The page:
Military News

Thursday, August 13, 2015

VA secretary visits JBER, lauds 673d medical personnel

by Tech. Sgt. Robert Barnett
JBER Public Affairs


8/13/2015 - JOINT BASE ELMENDORF-RICHARDSON, Alaska -- Robert McDonald, secretary of the Department of Veterans Affairs visited the 673rd Medical Group Aug. 11 to provide his insight and explain the future of veterans' benefits.

"I'm used to going around the world," McDonald said. "I've developed an eye for what to notice about an operation, just little things. For example, in the restroom, is the area around the sink filled with water; are people cleaning up the restroom when they're done?

"Do people walk by litter on the floor? Are there boards in the hallway showing how they're using technology to improve the operation? I was very impressed by what I saw [at the 673d MDG]," McDonald said.

The secretary described the Joint Base Elmendorf-Richardson hospital as clean and well-lit, with engaging personnel.

"There were people caring for patients, veterans were engaged - I just thought it was a really great operation," he said.

"What impressed me more than anything else was the way you couldn't tell the difference between the active-duty people and the VA people. They were both working hand-in-hand; it was incredibly hard to tell them apart. They were both committed to the mission. I was very impressed."

During his visit, McDonald said he was committed to engaging with elected officials to codify a long-term funding solution for all joint-venture hospitals.

"Nationally we've conducted seven million more completed appointments in the last year than in the previous year," he said.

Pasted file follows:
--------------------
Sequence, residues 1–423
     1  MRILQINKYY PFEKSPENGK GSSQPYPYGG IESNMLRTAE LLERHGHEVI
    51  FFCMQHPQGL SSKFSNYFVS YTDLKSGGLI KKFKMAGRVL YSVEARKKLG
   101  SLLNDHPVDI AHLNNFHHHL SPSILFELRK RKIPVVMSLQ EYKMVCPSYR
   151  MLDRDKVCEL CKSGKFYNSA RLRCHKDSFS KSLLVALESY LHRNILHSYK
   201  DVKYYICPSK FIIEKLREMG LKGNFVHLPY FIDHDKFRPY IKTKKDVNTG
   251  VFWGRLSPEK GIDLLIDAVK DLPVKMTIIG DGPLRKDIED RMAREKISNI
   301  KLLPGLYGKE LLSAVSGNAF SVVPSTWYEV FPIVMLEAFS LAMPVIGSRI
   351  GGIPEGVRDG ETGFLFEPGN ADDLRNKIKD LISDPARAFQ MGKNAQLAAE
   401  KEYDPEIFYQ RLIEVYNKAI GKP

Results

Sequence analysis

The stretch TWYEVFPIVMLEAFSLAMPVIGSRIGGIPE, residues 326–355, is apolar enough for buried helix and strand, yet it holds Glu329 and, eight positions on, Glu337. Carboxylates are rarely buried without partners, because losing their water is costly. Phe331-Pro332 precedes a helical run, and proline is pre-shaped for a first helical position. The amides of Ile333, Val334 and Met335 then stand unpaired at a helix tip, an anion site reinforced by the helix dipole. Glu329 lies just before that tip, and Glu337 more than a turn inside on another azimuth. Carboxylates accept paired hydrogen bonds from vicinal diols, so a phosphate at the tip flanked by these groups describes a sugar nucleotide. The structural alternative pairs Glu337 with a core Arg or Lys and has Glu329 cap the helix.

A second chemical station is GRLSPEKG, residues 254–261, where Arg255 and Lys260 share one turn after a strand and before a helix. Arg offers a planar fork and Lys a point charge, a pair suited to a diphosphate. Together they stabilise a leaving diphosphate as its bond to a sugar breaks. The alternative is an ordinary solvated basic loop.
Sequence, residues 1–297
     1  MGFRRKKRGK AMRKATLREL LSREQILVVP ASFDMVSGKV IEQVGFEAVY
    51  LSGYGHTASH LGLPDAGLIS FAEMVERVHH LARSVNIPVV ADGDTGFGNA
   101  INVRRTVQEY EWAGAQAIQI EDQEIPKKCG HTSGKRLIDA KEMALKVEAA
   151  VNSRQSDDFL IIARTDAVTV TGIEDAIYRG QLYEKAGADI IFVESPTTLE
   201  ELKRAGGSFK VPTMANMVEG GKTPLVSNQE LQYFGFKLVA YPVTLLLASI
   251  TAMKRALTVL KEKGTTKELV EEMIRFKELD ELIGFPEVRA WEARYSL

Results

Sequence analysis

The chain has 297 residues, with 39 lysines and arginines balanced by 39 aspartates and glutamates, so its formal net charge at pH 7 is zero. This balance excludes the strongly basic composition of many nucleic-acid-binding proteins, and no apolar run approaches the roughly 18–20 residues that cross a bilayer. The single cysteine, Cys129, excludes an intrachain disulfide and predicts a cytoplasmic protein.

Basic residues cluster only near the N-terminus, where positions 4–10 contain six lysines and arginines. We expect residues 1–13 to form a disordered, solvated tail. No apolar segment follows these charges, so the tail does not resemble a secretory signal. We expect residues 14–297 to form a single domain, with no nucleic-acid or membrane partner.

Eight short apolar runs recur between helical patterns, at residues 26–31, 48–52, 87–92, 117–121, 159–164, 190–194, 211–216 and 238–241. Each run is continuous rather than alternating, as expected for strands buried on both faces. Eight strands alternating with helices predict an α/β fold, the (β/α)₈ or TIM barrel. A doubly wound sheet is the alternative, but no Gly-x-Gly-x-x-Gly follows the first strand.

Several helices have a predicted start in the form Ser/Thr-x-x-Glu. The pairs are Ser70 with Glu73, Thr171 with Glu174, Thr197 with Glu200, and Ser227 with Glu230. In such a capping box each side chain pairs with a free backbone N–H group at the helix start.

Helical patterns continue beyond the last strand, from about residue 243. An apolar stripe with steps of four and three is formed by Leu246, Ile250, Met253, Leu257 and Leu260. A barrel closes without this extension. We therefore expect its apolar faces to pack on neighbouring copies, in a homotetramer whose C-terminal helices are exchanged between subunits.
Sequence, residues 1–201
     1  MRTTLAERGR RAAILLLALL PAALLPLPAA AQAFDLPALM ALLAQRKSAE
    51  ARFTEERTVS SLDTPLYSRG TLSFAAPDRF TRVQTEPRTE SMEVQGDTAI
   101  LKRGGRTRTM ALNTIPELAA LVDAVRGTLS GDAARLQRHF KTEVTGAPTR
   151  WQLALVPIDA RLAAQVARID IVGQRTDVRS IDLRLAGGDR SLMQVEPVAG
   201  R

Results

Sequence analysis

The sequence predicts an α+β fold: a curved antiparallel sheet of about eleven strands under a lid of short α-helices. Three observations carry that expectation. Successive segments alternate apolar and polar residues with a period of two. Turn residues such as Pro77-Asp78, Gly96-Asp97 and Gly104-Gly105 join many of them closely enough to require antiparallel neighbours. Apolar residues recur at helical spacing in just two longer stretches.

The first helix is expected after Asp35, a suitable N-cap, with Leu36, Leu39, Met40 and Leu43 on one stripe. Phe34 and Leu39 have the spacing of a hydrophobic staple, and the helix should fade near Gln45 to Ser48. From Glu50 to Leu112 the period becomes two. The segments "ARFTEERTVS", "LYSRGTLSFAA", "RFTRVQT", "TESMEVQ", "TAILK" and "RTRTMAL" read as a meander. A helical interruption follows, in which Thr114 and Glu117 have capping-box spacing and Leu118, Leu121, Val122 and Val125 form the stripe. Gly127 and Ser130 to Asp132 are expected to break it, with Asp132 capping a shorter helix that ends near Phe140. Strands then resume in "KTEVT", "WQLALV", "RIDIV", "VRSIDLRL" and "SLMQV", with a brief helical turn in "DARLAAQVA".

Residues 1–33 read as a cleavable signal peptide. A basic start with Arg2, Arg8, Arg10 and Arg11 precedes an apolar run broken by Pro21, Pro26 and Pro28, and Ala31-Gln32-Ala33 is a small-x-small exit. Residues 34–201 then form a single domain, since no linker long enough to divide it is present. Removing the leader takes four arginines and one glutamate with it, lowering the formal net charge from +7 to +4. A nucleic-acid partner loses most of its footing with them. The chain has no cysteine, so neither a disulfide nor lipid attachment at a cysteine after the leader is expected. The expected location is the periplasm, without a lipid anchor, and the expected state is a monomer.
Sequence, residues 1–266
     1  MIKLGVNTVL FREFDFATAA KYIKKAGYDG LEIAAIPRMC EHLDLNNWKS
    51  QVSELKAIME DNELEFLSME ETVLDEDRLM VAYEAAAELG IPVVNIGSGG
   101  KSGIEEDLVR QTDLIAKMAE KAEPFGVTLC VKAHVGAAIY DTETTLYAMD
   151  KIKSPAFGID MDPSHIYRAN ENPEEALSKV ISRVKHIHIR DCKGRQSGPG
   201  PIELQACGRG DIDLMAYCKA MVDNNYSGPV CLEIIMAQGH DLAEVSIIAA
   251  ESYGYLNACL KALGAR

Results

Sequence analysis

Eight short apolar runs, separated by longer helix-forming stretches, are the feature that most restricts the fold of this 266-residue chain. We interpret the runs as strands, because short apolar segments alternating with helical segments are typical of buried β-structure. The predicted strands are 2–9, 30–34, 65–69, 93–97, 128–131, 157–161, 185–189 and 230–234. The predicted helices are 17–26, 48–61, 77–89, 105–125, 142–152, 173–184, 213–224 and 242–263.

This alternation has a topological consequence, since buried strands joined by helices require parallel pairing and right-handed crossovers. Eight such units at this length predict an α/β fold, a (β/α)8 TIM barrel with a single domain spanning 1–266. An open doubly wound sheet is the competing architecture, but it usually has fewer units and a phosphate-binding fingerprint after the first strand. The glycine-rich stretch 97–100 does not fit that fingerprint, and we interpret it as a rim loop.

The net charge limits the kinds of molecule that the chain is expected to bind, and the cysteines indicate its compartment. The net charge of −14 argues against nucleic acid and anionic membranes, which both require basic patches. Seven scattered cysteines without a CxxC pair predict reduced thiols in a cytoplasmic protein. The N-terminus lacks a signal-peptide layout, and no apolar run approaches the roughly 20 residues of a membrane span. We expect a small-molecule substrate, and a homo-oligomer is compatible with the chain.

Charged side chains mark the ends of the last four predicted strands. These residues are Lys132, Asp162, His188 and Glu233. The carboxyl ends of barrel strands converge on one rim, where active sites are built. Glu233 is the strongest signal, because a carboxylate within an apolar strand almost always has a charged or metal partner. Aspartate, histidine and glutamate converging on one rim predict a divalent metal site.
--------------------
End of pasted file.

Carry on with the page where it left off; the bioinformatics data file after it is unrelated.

"Of that, four and a half million were outside the VA, 'care in the community' as we call it. The two-and-a-half-million balance was inside VA. The Alaska health care system has completed more than 106,000 health care appointments from June 2014 to June 2015.

"Nationally, 97 percent of our appointments are within 30 days of the [veteran's] desired date...here in Alaska, that number's 98 percent," he said.

Among the various topics discussed, the secretary also emphasized the VA's use of telehealth services, which use health information, disease management and other technologies to target care and case management to improve access to care, improving the health of veterans.

Telehealth allows patients to receive clinical care from their homes.

"We are, I would argue, global leaders in telehealth nationally," McDonald said. "Here, we are on the cutting edge of using telehealth to reach veterans in rural areas.

We do that three ways: we have home telehealth, which allows veterans to take regular readings like blood pressure so we can catch issues that arise as they self-manage chronic diseases.

"A second is what we call store-and-forward, that enables us to capture and store images from patients to specialists without having to come into a clinic. This becomes very important for something like dermatology, for example, where in the private sector it could take six to nine months to make an appointment, but with digital photography the way it is today, you can use broadband to transfer that image and have a specialist look at it from afar.

"The third way is clinical video telehealth, where someone in a clinic can communicate with a veteran in the comfort of his home. Having the veteran [at home] is a big plus for something like mental health care where coming to a clinic could be an anxiety-ridden situation."

An Army veteran, McDonald served in multiple units including the 82nd Airborne Division.

He is described as being personally committed to values-based leadership and to improving the lives of others.

This is the first time he has visited Alaska since his Arctic training in the 1970s, he said.

"I was much happier landing in the airplane than jumping out of it," he said.

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